Democrats Pay a Political Price for Going Easy on Crime
But they’re slow to learn. Illinois is about to adopt some of the same policies that failed elsewhere.
One reason Republicans were projected to make big gains on Election Day is that GOP candidates have highlighted crime, which has risen nationally in recent years and in some big cities has hit elevations not seen since the early 1990s. For anyone paying attention, however, the writing has been on the wall for some time now.
Earlier this year, voters recalled San Francisco District Attorney Chesa Boudin for his lax attitude toward prosecuting criminals. Marilyn Mosby, the top prosecutor in Baltimore—where homicides have topped 300 for each of the past seven years—lost her bid for re-election in July for similar reasons.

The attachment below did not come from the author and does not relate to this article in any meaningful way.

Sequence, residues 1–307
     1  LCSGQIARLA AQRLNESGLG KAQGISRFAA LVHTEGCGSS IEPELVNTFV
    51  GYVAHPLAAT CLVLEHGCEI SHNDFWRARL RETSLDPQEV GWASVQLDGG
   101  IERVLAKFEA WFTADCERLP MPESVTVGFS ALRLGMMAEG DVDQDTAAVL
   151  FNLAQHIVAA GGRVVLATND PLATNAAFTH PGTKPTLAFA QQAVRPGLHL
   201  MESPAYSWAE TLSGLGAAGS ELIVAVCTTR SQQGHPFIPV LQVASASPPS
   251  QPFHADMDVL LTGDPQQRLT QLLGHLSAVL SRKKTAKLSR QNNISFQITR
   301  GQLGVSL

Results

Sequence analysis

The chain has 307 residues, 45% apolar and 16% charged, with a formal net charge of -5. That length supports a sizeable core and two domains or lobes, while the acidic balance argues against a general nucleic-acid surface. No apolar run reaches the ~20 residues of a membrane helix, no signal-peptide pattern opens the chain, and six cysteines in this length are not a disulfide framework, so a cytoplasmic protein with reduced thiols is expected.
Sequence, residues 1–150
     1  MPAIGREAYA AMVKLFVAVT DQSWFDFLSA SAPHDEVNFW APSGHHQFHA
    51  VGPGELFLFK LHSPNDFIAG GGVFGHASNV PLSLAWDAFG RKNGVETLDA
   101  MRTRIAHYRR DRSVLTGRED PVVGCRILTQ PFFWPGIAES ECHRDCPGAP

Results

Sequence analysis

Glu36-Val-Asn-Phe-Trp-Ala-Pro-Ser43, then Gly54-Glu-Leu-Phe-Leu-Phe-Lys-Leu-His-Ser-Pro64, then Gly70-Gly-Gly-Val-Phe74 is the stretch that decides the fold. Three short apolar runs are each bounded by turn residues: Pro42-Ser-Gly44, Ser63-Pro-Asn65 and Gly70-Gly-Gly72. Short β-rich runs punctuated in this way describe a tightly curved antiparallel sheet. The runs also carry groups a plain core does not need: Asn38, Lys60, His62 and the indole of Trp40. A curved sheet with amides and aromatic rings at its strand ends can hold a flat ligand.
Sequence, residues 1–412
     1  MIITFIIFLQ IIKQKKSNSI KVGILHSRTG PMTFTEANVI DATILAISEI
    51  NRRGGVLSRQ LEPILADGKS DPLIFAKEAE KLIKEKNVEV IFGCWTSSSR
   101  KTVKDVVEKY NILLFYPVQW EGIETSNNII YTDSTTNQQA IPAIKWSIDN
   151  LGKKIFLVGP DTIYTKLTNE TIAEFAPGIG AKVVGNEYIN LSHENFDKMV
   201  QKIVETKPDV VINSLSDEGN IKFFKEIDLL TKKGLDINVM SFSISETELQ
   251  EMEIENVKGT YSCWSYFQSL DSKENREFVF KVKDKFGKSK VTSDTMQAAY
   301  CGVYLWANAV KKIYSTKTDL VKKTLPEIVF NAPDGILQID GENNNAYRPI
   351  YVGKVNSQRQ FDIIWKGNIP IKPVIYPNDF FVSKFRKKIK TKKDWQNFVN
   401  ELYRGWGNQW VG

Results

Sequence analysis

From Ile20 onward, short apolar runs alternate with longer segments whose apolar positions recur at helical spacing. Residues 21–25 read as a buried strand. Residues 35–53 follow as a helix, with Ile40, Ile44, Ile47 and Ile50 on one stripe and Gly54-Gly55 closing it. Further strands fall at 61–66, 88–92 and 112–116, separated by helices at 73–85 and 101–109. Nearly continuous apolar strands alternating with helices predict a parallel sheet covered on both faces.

Philadelphia is on pace to surpass last year’s record number of murders, and state lawmakers have filed articles of impeachment against District Attorney Larry Krasner over his soft-on-crime policies. In addition, 2021 saw the election of mayors in Atlanta, New York and Seattle who all ran on public-safety platforms.
This piece originally appeared in The Wall Street Journal